Quote of the day

InsideSoCal.com

I got to thinking about some basic differences in the two games for the players. Baseball players play so many games it’s impossible to get emotionally high for any one of them. Football players get all gung-ho in the locker room. . . . If a baseball player got that emotional, he’d go out swinging hard–and miss. I think baseball is more of a skill sport than any other. Hitting is the single most difficult feat in sports. Second most difficult is preventing hitting.

~Jim Bouton, Ball Four


5 Comments on “Quote of the day”

  1. verdun2 says:

    I might argue that riding a bull is more difficult. After all, you’re a success if you stay on 8 seconds.
    v

  2. steve says:

    It’s hard to disagree with someone who played the game, but I will anyways.. It seems to me that most managers have no tolerance for players who aren’t gung ho and who don’t give 110 per cent in every game. Hunter Pence rallying Giant players in the dugout before the game is one of many rah rah rah examples. It’s maybe more subtle, but the same enthusiasm as football seems there in baseball. Maybe it’s better to treat the season like a marathon and most players maybe say they do, but day in and day out, I see some long faces and psychological misery and plenty of batting helmets falling off heads after huge swings.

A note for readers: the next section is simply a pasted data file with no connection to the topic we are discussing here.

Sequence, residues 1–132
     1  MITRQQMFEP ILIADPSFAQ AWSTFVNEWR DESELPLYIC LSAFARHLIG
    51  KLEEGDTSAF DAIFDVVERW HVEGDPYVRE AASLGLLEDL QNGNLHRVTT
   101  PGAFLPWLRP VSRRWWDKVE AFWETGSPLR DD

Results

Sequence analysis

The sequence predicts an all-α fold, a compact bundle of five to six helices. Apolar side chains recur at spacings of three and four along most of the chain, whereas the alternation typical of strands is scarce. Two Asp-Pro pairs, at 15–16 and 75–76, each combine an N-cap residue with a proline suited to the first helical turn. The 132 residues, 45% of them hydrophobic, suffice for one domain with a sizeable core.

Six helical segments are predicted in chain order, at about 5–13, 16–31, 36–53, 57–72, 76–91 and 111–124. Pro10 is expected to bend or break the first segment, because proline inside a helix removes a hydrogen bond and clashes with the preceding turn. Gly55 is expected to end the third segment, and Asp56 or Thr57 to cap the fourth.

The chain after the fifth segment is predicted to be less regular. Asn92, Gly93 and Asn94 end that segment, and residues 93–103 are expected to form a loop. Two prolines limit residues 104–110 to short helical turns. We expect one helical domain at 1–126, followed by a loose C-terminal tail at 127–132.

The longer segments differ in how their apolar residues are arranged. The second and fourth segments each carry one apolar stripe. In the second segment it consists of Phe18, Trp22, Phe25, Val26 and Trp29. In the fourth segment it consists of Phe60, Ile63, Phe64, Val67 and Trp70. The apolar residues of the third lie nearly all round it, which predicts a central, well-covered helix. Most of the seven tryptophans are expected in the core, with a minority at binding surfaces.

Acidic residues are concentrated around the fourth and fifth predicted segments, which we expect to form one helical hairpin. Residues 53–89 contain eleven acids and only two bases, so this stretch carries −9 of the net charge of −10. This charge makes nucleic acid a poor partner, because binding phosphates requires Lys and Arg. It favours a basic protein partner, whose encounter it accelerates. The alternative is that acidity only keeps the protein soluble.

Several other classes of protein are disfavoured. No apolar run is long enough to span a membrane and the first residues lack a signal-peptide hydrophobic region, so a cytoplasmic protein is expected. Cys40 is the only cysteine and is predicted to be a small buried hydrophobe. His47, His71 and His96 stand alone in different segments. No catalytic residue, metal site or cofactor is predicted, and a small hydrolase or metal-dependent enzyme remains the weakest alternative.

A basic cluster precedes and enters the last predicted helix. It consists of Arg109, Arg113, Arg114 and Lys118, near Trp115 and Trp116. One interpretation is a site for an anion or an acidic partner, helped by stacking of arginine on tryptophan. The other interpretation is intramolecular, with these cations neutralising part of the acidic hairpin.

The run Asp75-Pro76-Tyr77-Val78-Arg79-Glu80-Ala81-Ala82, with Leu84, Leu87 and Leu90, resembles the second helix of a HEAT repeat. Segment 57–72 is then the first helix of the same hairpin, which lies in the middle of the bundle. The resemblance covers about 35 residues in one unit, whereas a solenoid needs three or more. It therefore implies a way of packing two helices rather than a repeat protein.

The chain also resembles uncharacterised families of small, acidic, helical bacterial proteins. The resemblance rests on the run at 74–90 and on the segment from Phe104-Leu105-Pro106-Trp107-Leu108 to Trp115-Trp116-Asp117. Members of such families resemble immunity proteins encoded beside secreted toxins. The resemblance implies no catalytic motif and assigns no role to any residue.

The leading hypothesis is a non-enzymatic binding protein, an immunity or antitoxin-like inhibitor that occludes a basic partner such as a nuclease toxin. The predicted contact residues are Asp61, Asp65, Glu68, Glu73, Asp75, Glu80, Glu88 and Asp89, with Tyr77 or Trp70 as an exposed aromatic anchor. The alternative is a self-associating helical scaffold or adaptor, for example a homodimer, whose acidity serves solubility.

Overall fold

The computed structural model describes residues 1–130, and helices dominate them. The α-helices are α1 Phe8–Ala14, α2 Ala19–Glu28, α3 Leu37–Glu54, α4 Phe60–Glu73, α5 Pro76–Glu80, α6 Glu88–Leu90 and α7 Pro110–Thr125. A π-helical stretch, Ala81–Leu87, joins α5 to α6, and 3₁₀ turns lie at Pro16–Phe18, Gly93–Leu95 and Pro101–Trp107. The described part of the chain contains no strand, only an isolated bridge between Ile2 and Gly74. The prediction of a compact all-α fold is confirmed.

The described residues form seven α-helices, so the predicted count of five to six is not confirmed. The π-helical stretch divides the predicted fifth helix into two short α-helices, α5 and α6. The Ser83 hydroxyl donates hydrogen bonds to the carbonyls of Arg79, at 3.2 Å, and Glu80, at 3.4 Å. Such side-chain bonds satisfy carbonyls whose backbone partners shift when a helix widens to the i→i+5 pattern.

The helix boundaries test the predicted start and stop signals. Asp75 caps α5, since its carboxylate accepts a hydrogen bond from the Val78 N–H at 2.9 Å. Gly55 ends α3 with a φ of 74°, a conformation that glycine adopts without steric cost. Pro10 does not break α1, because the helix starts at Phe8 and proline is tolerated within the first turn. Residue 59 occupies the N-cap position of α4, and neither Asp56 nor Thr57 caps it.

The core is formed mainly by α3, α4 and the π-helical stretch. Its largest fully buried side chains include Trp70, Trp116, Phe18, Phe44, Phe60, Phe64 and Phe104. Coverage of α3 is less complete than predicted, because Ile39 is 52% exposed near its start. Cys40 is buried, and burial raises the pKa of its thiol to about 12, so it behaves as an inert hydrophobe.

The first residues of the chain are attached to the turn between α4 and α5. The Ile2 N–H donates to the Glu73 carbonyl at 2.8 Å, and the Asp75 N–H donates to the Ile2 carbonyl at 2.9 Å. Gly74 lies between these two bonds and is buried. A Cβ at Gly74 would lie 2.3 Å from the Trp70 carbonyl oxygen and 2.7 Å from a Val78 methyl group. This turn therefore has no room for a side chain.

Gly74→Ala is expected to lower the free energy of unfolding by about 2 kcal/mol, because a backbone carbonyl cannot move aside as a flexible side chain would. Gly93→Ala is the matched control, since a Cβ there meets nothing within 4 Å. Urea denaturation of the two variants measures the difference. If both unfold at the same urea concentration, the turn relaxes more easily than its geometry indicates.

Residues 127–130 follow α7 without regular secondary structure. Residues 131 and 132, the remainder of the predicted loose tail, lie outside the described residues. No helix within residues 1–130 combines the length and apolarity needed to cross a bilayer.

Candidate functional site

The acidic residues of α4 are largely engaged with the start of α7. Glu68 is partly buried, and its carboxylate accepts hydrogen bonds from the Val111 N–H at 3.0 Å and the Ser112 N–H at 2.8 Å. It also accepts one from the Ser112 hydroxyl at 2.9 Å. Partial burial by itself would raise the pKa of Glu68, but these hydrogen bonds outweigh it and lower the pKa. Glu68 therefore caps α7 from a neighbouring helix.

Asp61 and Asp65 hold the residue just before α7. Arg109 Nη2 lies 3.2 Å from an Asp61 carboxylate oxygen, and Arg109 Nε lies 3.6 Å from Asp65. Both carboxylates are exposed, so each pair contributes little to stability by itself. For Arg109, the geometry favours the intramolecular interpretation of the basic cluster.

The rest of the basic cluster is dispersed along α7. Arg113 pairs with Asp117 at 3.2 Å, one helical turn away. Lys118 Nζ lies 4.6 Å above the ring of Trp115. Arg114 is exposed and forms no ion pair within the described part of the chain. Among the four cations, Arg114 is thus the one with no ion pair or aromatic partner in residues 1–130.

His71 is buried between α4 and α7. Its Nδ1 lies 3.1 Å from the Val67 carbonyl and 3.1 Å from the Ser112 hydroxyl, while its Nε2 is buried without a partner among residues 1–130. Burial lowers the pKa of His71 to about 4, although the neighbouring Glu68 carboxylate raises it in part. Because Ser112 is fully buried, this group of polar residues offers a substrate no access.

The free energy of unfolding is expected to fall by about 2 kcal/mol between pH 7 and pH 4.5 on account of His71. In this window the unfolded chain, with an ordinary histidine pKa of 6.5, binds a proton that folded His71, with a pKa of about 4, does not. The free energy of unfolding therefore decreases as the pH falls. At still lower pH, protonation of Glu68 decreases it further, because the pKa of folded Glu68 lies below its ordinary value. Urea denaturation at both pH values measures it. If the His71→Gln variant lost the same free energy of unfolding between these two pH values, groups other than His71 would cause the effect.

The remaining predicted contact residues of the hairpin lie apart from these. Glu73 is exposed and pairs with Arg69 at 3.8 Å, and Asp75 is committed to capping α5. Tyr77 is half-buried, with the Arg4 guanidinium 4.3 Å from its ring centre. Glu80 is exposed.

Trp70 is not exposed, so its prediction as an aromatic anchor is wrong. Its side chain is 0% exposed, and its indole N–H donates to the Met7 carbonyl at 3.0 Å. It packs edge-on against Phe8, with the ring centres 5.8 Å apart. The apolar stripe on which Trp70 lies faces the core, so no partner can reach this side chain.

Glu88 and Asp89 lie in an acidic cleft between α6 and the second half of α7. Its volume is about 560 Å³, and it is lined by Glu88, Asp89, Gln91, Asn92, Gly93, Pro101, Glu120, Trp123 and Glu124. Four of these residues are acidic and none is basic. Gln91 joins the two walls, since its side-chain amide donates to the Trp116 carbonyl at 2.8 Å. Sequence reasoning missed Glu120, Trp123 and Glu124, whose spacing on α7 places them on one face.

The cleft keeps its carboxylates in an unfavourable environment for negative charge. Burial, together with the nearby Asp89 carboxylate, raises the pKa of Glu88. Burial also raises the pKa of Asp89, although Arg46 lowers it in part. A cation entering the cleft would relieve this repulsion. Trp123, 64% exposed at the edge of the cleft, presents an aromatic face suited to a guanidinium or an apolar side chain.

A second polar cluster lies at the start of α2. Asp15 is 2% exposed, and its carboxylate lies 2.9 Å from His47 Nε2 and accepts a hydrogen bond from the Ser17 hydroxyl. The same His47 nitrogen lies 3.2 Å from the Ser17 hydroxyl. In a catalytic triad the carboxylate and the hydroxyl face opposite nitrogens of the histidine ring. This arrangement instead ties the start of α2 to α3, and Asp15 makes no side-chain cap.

• That’s true, I’ve seen that as well. I think they have to learn to compartmentalize, more than anything. Football players have a week between games, but in baseball, you’re playing every day. Perhaps a better way to say it is that players have to control the gung-ho attitude and not let it have long-term detrimental effects.

      • steve says:

        You’re right. Its truly something, the 162 game grind even for us fans and our consecutive game streaks stretching into seasons and entire lifetimes loyal to our respective teams.


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